DD


You are right.  I really dislike the name "Banjola".  It sounds to me like some kind of mechanical banjo gizmo, something you would find at an amusement park— Hey Joe, crank up the banjola so we can hear "Happy Times Are Here Again".

As you can see, I would not refer to them as banjolas, preferring the older name from when it first appeared, at least what I remember from the Walter Forbes album.

As a funny note, ever since I made the first one in 1968, I was frustrated because I couldn't play Take this Hammer like it was played on that album —I could hear it in my head and know the song, but couldn't figure out how he was playing it.  Last week, I tuned a banjo lute to double C because I wanted to play Sail Away Ladies , and lo and behold- I could now play Take this Hammer pretty much like the Walter Forbes album. DUH, it only took me 50 years to figure that out.

May 19, 2019 - 5:12:44 AM
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11870 posts since 6/29/2005

They were very popular during the 1890s, but strangely, few original ones survive.  Here is a picture of two surviving August Pollman ones circa 1890. The Ultra Artist model to the right was probably inlaid by the J H Buckbee Co.

As you see, they had tailpieces and movable bridges like mandolins and banjos.

May 19, 2019 - 5:34:22 AM

MrMoe

USA

6 posts since 5/18/2019

Thanks to all. Very helpful. If iI make another one it will have a trapeze bridge and I will call it a Lute or Banjo Lute or Lute banjo ?

Thanks again, Maurice


May 19, 2019 - 5:53:58 AM
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11870 posts since 6/29/2005

quote:
Originally posted by MrMoe

Thanks to all. Very helpful. If iI make another one it will have a trapeze bridge and I will call it a Lute or Banjo Lute or Lute banjo ?

Thanks again, Maurice


By your pictures, it looks like you figured this out when you designed the instrument , but it's worth mentioning for others that if you make these the right size , they will fit in a normal resonator banjo case.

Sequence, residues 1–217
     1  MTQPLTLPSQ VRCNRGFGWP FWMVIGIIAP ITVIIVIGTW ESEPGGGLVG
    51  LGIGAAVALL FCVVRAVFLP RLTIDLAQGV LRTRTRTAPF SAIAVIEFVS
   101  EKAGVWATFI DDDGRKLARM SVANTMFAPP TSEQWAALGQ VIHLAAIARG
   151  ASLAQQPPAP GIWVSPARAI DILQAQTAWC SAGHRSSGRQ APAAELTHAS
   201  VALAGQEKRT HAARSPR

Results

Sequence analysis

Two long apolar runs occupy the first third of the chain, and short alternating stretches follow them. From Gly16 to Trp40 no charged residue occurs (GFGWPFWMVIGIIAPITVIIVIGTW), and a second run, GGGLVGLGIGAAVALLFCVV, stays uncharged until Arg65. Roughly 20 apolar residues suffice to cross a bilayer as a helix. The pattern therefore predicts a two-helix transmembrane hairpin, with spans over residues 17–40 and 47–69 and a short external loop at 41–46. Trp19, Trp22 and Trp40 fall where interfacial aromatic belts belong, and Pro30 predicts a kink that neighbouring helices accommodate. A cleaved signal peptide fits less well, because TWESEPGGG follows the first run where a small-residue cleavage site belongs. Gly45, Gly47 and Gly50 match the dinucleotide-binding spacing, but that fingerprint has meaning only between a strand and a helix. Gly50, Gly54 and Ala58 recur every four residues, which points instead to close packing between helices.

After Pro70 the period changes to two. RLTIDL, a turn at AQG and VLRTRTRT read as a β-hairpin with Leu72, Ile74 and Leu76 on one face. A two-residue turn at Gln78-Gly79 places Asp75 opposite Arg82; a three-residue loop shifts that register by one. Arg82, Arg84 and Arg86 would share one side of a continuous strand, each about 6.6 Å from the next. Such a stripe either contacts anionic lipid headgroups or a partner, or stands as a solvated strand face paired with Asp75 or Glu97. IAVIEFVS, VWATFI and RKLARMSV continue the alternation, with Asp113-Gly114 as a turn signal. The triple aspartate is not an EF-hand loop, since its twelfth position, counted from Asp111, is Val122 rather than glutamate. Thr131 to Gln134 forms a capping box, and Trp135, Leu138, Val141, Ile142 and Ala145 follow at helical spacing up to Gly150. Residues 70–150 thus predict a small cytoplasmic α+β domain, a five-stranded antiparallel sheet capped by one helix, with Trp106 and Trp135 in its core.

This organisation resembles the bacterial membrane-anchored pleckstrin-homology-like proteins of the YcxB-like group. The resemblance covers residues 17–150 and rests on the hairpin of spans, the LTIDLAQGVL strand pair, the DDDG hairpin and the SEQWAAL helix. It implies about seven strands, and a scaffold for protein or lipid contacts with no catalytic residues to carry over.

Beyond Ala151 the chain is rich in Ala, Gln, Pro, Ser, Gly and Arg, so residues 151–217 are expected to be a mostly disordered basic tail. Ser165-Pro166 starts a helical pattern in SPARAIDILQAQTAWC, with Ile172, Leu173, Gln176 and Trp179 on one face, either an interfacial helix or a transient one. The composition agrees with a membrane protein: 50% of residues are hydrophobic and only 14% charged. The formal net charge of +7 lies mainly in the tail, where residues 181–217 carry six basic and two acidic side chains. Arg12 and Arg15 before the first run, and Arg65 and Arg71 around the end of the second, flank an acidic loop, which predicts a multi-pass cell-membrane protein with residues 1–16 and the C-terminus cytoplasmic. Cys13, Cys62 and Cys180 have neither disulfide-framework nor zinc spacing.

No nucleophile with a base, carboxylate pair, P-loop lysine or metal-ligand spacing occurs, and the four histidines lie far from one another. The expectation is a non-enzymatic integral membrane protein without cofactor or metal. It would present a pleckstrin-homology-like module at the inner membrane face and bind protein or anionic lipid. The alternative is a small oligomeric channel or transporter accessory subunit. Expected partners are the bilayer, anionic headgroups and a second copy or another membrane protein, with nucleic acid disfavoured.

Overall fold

May 19, 2019 - 5:56:28 AM
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4425 posts since 9/7/2009

Sounds similar to these I make from cigar boxes, only I build shorter necks and are tuned to open "C".

 

https://www.youtube.com/watch?v=ztxRkz7hZ4c

May 19, 2019 - 5:56:54 AM
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Players Union Member

rudy

USA

14162 posts since 3/27/2004

I built a wood top a few years back modeled after a commercially made wood top banjo that I found displayed on the Museum of Appalachia website.

Here's a quick photo (there are several close up shots on my BHO photo page in a folder labeled as "Wood Top Banjo".  I've attached the construction plan for anyone that might wish to build the same instrument.

There's a topic posted in the archives here with sound samples if this sort of thing trips your trigger.


May 19, 2019 - 8:06:33 PM

MrMoe

USA

6 posts since 5/18/2019

Thanks Rudy, That looks real good. I am reading up on those archived posts, More helpful info. Thanks for the plan as well, I like the tail piece.

May 20, 2019 - 8:42:26 AM
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Players Union Member

wizofos

USA

5080 posts since 8/19/2012

After playing with 2 commercial instruments I decided to play with a neck profile that I liked over the typical commercial profile. I wanted something a bit wider. Anyway started with some layups and after some experimentation came out with something I like so looked for a rim to use and made a stave rim out of some scrap maple I had. Bottom line is that this was an experiment and I ended up putting Baltic birch on it for a top and made the neck with Rudy's through rim design. You can see some pics on my home page and a sound file of Mike Gregory playing Worried Man Blues. Just to keep it cheap I used fishing line for strings. The one thing I found is that it is good for quiet practice. Not as nice a Rudy's but fun to build.